The majority of this information can be logically applied to what is anticipated from heliport activities on 2224 Tully Mission Beach Road. The Kestral Aviation information sheet states " We will be predominately using our Bell 206L3 Long Ranger and Sikorsky S-76 helicopters, and on rare occasions, our Bell Medium (212 or 412) fleet when need requires (such as in response to natural disasters). Vertical magazine informs "...The Bell 212 generates high levels of impulsive noise..."
The article Dynamics of rock arches shows a plot of the sound spectrum generated by a two-blade Bell 206 helicopter (below). In it you see the first frequency peak at 13 Hz with a series of overtones at integer multiples
Thank you to Margaret Moorhouse from ASH for sharing this information.
At the C4 general meeting held Friday on 3rd July, the C4 theatrette was overflowing with community members interested in an update on the court appeal.
C4 president, Peter Rowles, recapped on the court process saying the respective parties had lodged their relevant documents for the appeal, and that C4’s solicitors had engaged experts in the areas of;
Peter reported that although details of the Appeal could not be discussed, he could say that the parties were in discussions.
Peter went on to say that Mission Helicopters would have helicopter operations experts design trials to demonstrate the noise levels from the activities being planned for the Heliport site. This forms part of the directions order within Stage 4 of the appeal process.
Council’s Approval for Material Change of Use (MCU) is not only for the Air services (listed below), it also allows for “other related entities operated by the Directors / Shareholders of the applicant/owner” (CCRC Planners Report 27 Jan 2021). Given Mission Helicopters’ high profile and operational connections across the national and international aviation industry, the reality of the Council’s reprehensible MCU Approval is that Mission Helicopters’ operational possibilities are left wide open.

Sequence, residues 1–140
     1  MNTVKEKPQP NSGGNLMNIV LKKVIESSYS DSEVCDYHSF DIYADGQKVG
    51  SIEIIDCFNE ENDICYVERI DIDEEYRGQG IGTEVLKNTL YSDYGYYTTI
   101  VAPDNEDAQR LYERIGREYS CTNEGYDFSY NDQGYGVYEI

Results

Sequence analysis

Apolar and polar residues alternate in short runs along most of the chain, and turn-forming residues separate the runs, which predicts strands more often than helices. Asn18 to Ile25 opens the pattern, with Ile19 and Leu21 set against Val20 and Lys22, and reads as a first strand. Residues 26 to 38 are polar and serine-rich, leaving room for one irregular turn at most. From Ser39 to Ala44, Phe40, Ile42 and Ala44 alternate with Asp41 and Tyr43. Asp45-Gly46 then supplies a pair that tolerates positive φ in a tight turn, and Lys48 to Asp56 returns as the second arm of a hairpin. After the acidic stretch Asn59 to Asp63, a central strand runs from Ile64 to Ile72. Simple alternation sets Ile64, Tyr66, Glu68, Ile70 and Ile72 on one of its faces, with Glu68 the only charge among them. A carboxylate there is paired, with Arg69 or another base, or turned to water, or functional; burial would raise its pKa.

Air Services include:
To be relevant to the Mission Helicopters Proposal, the operational trials mentioned by Peter would presumably have to include all the possible operational aspects of the above.
Another important consideration is what flight path will the trials be based on?
In the CCRC Decision Notice (27 Jan 2021) (where CCRC mistakenly refer to the applicant as Mission Beach Helicopters) the approval conditions state “. the applicant/owner ‘must ensure”…”helicopters will head directly east over the Coral Sea prior to heading towards intended destinations (emergency situations excepted) as per the Mission Beach Helicopters (sic) Approach/Departure Waypoint Flight Plan received by Council on 14th October 2020…” Yet the Waypoint Flight Plan received on that date (below left) shows a quite different flight path, angled considerably to the south. The actual direct east flight path (below right) shows the impact zone covers the whole of the Conch Street residential area.
MBH Approach/Departure Waypoint Flight Plan Actual Direct East Flight Path